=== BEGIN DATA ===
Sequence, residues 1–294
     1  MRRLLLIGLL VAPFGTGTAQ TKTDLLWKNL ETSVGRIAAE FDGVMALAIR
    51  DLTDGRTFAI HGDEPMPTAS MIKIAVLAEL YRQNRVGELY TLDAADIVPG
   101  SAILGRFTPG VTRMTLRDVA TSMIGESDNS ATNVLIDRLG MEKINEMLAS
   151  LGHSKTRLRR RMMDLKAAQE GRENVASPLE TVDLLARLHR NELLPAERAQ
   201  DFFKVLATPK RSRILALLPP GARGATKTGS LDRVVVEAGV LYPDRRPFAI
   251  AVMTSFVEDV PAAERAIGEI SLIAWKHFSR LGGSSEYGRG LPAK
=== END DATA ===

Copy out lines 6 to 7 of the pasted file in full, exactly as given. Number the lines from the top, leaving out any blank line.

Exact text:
   201  DFFKVLATPK RSRILALLPP GARGATKTGS LDRVVVEAGV LYPDRRPFAI
   251  AVMTSFVEDV PAAERAIGEI SLIAWKHFSR LGGSSEYGRG LPAK